Palmer Cox was a Canadian writer and illustrator who created The Brownies. The characters were based on a Scottish folk tale about wee folk that helped humans--similar to "The Elves and the Shoemaker" story in Grimm's Fairy Tales. All of Cox's Brownies were depicted as men from a variety of countries and in numerous professions. His illustrations and stories first appeared in children's magazines
"The Brownies on Roller Skates" published in St. Nicholas Illustrated Magazine for Children in 1886. His stories were published regularly in Ladies Home Journal for over 30 years.
In 1887, his book The Brownies Their Book was published (you can read it here). The Brownies became a pop culture phenomenon through the late 19th and early 20th centuries. He became the real precendent for mass marketing his illustrations and licensed his characters for the products. There were so many items that incorporated brownies that whole internet sites are dedicated to The Brownies (here's an example).
A seed bag from collection.
Even the Kodak Brownie camera was named after his characters with the marketing strategy that the camera was so easy a child could use it.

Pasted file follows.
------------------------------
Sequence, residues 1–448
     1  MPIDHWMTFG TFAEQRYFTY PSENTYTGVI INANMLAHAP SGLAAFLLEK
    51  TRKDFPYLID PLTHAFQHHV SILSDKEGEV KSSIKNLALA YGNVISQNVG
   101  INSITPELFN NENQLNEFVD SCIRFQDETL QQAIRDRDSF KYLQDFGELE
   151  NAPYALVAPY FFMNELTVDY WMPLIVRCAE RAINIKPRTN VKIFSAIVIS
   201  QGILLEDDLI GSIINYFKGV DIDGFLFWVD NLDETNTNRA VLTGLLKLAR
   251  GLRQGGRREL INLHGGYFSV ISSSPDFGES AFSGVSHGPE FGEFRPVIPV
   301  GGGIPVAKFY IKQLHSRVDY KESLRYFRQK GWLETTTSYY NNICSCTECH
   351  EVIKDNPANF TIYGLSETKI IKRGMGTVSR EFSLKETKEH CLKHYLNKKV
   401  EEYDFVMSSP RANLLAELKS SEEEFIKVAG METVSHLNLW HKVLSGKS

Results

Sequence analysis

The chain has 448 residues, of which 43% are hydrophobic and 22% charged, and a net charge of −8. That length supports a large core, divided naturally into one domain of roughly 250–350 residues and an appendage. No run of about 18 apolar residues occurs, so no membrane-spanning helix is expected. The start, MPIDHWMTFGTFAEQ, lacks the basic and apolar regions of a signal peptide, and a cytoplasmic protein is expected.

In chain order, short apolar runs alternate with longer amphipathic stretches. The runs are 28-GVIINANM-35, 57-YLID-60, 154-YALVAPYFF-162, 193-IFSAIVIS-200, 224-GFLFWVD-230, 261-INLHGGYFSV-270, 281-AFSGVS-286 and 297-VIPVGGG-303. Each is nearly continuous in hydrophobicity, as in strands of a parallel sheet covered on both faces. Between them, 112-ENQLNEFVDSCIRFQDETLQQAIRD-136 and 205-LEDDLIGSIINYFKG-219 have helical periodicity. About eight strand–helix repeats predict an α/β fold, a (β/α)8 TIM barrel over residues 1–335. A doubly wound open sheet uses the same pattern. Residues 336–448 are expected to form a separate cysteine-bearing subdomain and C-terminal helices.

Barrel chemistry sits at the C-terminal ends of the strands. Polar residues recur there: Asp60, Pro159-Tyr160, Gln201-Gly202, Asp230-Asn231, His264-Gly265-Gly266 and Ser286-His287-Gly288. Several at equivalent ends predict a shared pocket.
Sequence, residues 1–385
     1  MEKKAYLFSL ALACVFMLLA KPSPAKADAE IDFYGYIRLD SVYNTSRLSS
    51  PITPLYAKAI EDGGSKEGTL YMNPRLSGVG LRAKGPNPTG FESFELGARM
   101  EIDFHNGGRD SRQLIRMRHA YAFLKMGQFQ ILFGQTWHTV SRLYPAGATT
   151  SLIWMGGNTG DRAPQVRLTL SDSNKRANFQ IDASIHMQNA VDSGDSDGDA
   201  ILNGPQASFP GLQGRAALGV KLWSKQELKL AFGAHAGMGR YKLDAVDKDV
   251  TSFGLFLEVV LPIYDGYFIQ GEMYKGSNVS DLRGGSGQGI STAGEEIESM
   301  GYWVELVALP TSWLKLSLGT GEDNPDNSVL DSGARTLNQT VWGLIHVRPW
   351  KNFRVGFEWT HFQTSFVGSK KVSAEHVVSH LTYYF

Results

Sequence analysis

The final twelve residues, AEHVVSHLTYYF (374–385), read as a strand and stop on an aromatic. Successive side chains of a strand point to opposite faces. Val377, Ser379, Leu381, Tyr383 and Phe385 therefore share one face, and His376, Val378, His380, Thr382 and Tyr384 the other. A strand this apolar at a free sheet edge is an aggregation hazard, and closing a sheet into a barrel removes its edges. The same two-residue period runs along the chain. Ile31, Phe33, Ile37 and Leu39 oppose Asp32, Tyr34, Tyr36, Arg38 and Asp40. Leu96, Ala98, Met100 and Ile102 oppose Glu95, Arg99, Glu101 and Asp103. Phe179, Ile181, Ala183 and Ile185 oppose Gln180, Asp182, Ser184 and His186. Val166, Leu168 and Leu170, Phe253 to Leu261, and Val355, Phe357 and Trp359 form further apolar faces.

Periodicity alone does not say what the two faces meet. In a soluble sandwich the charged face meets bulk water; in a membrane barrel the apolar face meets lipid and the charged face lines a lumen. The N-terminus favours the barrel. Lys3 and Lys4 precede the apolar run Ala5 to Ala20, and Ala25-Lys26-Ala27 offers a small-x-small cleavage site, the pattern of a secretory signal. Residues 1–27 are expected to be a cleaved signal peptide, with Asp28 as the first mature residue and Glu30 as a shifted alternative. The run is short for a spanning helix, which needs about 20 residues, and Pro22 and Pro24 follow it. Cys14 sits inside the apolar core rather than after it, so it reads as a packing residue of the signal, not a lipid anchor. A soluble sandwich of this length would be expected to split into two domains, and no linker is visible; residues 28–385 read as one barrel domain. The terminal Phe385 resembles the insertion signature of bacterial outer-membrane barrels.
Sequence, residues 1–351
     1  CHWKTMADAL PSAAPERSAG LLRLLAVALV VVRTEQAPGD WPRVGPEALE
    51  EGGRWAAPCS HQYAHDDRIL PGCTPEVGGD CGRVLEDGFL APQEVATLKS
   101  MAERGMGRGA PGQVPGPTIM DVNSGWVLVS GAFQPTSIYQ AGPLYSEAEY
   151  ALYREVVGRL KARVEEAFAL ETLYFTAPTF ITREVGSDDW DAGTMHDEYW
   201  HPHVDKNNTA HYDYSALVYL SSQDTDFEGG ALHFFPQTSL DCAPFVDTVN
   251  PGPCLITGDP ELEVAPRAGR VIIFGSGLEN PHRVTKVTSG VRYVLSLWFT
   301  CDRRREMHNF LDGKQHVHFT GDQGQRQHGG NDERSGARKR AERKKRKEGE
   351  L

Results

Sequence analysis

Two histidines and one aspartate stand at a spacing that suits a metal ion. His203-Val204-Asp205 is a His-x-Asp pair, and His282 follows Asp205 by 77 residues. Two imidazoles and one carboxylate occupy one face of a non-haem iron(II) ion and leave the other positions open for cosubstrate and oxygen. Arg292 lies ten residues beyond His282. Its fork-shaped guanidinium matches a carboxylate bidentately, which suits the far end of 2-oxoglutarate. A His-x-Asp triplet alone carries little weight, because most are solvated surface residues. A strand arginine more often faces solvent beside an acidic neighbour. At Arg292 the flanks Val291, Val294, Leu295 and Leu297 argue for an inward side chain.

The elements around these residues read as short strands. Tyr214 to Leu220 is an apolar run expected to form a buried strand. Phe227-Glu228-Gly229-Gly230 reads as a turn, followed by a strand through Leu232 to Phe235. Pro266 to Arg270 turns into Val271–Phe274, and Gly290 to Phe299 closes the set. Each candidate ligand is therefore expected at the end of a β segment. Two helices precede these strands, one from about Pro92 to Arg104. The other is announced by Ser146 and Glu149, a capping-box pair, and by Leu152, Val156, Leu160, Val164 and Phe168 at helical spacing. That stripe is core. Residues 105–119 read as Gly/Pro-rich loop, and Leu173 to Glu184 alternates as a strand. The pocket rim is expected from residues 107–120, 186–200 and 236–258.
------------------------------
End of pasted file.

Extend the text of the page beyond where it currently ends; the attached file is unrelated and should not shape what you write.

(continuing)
In all, Palmer published 9 Brownie books, including a primer.
All of the books were extremely popular.
Although I don't have any research to support my theory, I suspect that Cox's Brownies were also made into Penny Squares for redwork. These Brownies appear on a redwork quilt I own dated 1905:
Another Brownie block was found on pinterest:
Cox retired in Canada and built "Brownie Castle" which even included Brownie themed stained glass windows:
Palmer Cox passed away in 1924.
I know that you are wondering whether or not the Girl Scout Brownies derived their name from Cox's books. It appears that they were not. Originally the young scouts were called "Rosebuds" but the little girls didn't like the name. Lord Baden-Powell (founder of the Boy Scouts and Girl Scouts in England) decided to go with the name "Brownies" because of old folk tales he remembered as a boy that appear to be similar to the Scottish stories that inspired Cox.
Have a safe and happy day!